Scientists open door to possible new treatments for urinary tract infections
Clingy bacteria often spell trouble. Scientists at Washington University School of Medicine in St. Louis have discovered how bacteria manufacture hair-like fibers used to cling to the lining of the kidney and bladder where they cause urinary tract infections (UTIs). The results are published in the Nov. 15 issue of the journal Cell.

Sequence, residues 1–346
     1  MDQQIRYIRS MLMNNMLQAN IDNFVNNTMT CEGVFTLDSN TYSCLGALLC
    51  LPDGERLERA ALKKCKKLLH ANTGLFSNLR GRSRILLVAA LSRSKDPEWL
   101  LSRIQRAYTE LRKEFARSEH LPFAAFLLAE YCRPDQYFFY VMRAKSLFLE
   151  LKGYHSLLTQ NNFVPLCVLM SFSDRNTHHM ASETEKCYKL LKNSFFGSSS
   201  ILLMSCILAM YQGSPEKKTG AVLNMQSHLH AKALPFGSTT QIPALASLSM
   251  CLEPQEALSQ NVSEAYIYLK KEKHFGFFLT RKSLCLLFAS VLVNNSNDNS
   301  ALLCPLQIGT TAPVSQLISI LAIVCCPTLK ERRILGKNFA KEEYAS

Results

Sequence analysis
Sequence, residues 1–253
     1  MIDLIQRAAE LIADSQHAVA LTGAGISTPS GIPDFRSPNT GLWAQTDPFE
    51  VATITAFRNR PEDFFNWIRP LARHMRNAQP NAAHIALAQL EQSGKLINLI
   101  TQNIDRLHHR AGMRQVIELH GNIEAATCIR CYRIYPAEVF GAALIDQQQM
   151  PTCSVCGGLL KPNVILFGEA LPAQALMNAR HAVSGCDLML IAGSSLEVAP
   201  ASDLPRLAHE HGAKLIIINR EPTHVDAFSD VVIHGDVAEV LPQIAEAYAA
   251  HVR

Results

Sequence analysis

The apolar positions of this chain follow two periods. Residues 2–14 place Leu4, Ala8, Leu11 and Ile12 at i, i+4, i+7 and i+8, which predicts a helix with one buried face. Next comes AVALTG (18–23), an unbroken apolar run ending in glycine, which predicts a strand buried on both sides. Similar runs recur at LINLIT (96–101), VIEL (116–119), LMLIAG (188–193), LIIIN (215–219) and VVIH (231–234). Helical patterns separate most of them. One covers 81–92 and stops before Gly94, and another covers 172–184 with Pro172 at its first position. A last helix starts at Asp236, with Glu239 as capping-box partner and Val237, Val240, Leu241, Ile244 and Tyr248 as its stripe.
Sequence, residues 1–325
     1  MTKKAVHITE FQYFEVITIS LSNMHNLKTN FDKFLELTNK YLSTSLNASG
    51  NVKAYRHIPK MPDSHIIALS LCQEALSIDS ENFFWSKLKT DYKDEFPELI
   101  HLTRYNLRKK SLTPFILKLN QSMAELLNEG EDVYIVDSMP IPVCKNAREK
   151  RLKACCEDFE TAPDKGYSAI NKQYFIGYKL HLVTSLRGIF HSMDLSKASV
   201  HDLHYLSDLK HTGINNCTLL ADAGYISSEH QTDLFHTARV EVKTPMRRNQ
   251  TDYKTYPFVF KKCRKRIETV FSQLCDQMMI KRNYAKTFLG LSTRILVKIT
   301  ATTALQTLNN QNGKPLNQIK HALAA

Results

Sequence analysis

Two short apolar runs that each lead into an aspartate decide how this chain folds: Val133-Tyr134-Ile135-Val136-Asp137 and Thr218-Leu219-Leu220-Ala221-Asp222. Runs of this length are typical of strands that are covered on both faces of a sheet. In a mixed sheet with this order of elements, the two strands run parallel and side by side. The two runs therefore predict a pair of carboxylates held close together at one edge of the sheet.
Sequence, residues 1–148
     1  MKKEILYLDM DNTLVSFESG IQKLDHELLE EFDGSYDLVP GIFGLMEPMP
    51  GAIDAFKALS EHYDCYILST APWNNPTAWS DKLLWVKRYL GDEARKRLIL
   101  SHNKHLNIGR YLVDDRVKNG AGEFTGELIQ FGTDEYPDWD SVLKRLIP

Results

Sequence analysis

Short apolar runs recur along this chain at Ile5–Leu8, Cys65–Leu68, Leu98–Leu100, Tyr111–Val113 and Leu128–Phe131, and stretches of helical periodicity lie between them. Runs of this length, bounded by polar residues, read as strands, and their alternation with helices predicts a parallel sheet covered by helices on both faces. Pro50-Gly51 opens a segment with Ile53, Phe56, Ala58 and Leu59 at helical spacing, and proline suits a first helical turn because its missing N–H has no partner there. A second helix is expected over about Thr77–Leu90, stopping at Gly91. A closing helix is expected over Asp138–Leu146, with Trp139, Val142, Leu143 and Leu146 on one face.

"Our findings should lead to new drugs to treat UTIs by blocking the formation of these protein fibers," says study leader Scott J. Hultgren, Ph.D., the Helen Lehbrink Stoever Professor of Molecular Microbiology. "They also should improve our general understanding of how disease-causing bacteria build, fold and secrete proteins that enable them to cause disease."
Darrell E. Ward | EurekAlert!
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